Symantec Looks to Enhance Management with Encryption Product

By Brian Prince  |  Posted 2009-01-15 Print this article Print

Symantec Endpoint Encryption 7.0 adds support for clients not managed by Active Directory as well as new protections to thwart cold-boot attacks.

Symantec has enhanced its Endpoint Encryption product to improve management and provide protection against cold-boot attacks.

The product has always been aimed at the needs of Windows users, and is still focused on protecting data on Windows hard drives. However, in Version 7.0, Symantec has added support for clients not managed by Active Directory. The latest release includes support for Novell eDirectory and full management capabilities for non-domain clients.

"A large number of Windows-centric shops don't yet run [Active Directory]," noted Rich Langston, senior product manager at Symantec. "Active Directory is by far the most common directory service, of course, and managing our encryption software settings via Group Policy has been a very popular feature with many of our customers. However, adding a new option for management via HTTP and Novell E-Directory addresses a couple of common scenarios."

For example, mergers, acquisitions and organizational restructuring often result in more than one Active Directory domain, and trust relationships do not always exist between them, Langston explained.

To improve management, Symantec included enhanced disk recovery tools to make it easier for an administrator to access a machine and set usage rights to protect confidential data. The product also includes support for more secure data portability options, including user-created self-extracting file archives. User certificates can also be leveraged to control access to encrypted data within a specific group of users, according to the company.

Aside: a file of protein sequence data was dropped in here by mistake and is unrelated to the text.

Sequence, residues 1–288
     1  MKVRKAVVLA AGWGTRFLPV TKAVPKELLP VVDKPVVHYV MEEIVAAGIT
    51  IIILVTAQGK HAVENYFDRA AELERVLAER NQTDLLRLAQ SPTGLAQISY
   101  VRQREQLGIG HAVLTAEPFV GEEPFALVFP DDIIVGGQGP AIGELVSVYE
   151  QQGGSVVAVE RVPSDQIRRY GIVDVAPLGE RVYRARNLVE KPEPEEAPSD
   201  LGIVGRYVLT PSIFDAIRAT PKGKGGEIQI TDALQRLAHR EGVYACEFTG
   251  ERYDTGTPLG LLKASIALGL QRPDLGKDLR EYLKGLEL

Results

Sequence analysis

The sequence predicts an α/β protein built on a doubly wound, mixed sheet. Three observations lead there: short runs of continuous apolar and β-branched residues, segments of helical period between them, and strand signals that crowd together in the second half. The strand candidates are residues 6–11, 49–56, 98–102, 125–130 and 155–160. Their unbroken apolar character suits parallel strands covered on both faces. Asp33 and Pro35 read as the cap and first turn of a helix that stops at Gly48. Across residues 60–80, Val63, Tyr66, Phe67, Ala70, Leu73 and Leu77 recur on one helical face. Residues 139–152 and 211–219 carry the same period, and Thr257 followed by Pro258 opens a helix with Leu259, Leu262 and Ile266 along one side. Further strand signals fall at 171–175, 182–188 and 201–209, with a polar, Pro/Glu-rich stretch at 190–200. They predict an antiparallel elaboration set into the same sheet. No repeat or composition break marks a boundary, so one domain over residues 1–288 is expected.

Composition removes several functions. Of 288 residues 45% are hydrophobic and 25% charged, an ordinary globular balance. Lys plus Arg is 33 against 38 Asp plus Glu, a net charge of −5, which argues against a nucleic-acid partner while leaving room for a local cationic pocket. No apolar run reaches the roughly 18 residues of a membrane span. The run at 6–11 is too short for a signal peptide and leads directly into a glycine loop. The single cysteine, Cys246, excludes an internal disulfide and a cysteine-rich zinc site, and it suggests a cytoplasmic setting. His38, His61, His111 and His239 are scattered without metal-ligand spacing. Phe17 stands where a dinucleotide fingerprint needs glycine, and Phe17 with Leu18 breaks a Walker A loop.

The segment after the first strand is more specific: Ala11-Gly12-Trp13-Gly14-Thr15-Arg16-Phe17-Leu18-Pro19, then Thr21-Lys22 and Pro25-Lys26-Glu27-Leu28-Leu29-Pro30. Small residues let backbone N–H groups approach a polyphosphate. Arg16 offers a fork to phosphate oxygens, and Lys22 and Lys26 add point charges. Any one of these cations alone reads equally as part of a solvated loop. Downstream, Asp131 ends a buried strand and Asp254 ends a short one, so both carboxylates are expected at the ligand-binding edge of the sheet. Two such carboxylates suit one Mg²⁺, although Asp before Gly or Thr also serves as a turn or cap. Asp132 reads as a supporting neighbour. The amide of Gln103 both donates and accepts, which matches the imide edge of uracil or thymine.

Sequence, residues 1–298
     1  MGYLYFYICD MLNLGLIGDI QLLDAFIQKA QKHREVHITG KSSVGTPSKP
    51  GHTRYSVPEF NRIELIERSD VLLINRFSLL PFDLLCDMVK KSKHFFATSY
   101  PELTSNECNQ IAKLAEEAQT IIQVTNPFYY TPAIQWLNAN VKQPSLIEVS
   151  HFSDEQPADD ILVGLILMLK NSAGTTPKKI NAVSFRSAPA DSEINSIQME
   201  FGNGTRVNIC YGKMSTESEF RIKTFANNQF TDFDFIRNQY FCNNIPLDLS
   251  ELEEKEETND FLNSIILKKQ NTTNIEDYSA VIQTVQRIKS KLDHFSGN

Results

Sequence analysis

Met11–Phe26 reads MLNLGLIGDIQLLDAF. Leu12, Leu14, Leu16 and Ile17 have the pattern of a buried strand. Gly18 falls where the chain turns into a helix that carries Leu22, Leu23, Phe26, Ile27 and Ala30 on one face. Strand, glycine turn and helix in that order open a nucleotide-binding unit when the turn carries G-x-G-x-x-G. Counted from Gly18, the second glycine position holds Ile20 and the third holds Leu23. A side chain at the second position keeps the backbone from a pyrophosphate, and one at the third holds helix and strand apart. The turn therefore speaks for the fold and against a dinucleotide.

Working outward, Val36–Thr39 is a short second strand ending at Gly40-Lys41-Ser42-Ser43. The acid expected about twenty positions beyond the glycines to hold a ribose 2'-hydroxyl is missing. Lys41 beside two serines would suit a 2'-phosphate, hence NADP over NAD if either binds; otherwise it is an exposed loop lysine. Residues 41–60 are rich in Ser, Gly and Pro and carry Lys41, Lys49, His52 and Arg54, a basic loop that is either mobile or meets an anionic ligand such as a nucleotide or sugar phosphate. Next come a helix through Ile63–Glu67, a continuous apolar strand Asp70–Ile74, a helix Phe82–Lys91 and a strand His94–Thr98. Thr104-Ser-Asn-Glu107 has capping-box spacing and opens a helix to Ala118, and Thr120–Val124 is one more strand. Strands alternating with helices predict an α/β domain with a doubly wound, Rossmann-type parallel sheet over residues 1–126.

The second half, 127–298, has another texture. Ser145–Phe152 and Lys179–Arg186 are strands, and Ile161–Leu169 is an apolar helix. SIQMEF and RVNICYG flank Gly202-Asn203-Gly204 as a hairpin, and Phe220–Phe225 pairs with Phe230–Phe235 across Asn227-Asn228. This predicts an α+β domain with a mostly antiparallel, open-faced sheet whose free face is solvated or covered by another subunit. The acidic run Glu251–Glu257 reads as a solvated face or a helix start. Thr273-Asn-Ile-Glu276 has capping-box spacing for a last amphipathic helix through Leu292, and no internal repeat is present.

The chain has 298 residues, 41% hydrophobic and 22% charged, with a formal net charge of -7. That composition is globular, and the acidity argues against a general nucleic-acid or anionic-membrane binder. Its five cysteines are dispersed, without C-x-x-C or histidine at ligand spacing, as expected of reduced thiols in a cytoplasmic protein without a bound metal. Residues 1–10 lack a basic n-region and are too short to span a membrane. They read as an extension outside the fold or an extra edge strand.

Symantec also obscured access to disk encryption keys in memory (DRAM) to prevent cold-boot attacks, in which an attacker with physical access to a machine retrieves encryption keys after restarting the machine with a cold reboot.

"We prevent cold-boot attacks in a few ways," Langston said. "We store our keys in our encrypted file system, which is protected by our driver. We provide a pre-boot authentication environment which makes it very difficult for an extraction attack. Finally, in Version 7.0 we have put into place a protection mechanism that obscures the keys even further."

Langston added, "These attacks are extremely hard to pull off-several steps are required, as well as some real expertise. We've never heard of a successful attack on our product, and we feel that only the most motivated expert could succeed on solutions that lack our protection mechanisms."


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